More Greek Rabbit Trails

1. Saturday we were listening to The Beatles’ Blackbird in the car while waiting for Dom to get coffee. It was the first time Bella had ever heard it. She was very excited and she said it reminded her of a book… then clarified. It reminded her of the ending of The Odyssey when Odysseus finally comes home. I guess it must have been the line, “All your life, you were only waiting for this moment to arrive.”

And with that I know that The Odyssey is hers. When you have made something your own so that you can make those kinds of connections….

2. Speaking of The Odyssey, Dom found this cool video on the history teachers You Tube Channel

Bella loved it.


3. Another of our library finds: How Would You Survive as an Ancient Greek?

This is a great book, full of information about daily life. And it inspired us to try to construct a peplos out of an old bedsheet:



4. Next she wanted me to do her hair. Time to re-watch this video:


5. Bella is also loving D’Aulaires’ Book of Greek Myths, which we got from the library. Need to buy a copy, I think.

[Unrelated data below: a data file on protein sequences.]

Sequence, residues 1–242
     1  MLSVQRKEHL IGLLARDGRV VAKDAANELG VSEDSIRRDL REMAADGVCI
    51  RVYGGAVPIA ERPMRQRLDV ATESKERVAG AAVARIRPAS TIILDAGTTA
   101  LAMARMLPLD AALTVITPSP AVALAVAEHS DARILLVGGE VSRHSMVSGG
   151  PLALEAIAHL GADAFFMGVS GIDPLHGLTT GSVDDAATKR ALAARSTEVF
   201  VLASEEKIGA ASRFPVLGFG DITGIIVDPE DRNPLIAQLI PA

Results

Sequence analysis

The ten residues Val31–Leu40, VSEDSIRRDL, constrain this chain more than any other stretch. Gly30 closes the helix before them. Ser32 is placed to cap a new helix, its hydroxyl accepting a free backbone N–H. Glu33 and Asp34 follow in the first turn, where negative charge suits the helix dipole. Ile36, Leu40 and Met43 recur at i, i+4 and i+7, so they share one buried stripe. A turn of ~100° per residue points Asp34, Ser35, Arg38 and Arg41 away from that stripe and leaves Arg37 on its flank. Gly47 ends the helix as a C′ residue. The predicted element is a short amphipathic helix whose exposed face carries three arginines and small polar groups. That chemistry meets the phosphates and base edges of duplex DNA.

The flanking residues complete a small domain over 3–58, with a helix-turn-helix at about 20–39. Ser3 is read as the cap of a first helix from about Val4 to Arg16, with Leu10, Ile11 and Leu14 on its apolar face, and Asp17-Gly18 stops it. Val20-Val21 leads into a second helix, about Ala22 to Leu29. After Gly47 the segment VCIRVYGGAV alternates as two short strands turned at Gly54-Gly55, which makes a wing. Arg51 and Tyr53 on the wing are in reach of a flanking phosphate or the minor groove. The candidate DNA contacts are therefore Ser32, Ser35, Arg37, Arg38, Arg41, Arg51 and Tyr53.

I am amused that the child-friendly book identifies all of Zeus’ various liaisons as his “wives.”  Um, yeah. That’s what they were. Wives.


6. Via Julie Davis I found this Greek Myth and History podcast. I haven’t listened to it yet, but I’m intrigued.



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  • +JMJ+

    I’ve just followed the Fiddle Oak links . . . Oh, my . . . His photographs are romantic in the way William Wordsworth’s poetry is romantic—and I want to drink them all up!

    I especially love his line about loneliness as a beautiful feeling. =) There is a kind of creative freedom we can only achieve in solitude—and can only find at a “deep” point in solitude. That is, it doesn’t start the second one is alone, but maybe on the third or fourth day that one has been left to one’s own devices. So although I wouldn’t have made the connection to homeschooling (but only because I have no practical experience of it yet!), I can see why you did. Children in modern schools are hardly ever left to their own devices.

  • Enbrethiliel, Aren’t they just delicious? Yes, very Wordsworthian.

    I loved that line too. And your point about the dep point in solitude… I haven’t had that kind of solitude since having kids and oh I do miss it.

    On the other hand homeschooling is hardly a panacea. Even homeschoolers often get caught up in the zeitgeist, that feeling of needing to be constantly scheduled, always *doing*, making every moment “enriching”. It’s easy to forget the ways in which solitude, boredom, inactivity are also enriching and necessary.